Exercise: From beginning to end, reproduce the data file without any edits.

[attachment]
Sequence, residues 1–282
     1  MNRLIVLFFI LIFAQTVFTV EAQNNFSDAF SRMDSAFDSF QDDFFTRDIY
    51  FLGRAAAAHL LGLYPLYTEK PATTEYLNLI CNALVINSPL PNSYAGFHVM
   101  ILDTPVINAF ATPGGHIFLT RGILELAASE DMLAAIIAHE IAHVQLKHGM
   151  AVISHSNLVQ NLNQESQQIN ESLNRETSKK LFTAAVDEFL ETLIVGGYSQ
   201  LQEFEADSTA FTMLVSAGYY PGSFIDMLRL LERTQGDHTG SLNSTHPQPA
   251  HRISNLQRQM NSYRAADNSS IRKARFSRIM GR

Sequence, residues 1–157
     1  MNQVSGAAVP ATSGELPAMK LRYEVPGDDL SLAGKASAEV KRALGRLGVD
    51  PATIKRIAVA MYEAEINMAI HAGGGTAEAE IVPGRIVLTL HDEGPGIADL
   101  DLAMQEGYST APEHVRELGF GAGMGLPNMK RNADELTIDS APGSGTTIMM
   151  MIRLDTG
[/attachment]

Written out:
Sequence, residues 1–282
     1  MNRLIVLFFI LIFAQTVFTV EAQNNFSDAF SRMDSAFDSF QDDFFTRDIY
    51  FLGRAAAAHL LGLYPLYTEK PATTEYLNLI CNALVINSPL PNSYAGFHVM
   101  ILDTPVINAF ATPGGHIFLT RGILELAASE DMLAAIIAHE IAHVQLKHGM
   151  AVISHSNLVQ NLNQESQQIN ESLNRETSKK LFTAAVDEFL ETLIVGGYSQ
   201  LQEFEADSTA FTMLVSAGYY PGSFIDMLRL LERTQGDHTG SLNSTHPQPA
   251  HRISNLQRQM NSYRAADNSS IRKARFSRIM GR

Sequence, residues 1–157
     1  MNQVSGAAVP ATSGELPAMK LRYEVPGDDL SLAGKASAEV KRALGRLGVD
    51  PATIKRIAVA MYEAEINMAI HAGGGTAEAE IVPGRIVLTL HDEGPGIADL
   101  DLAMQEGYST APEHVRELGF GAGMGLPNMK RNADELTIDS APGSGTTIMM
   151  MIRLDTG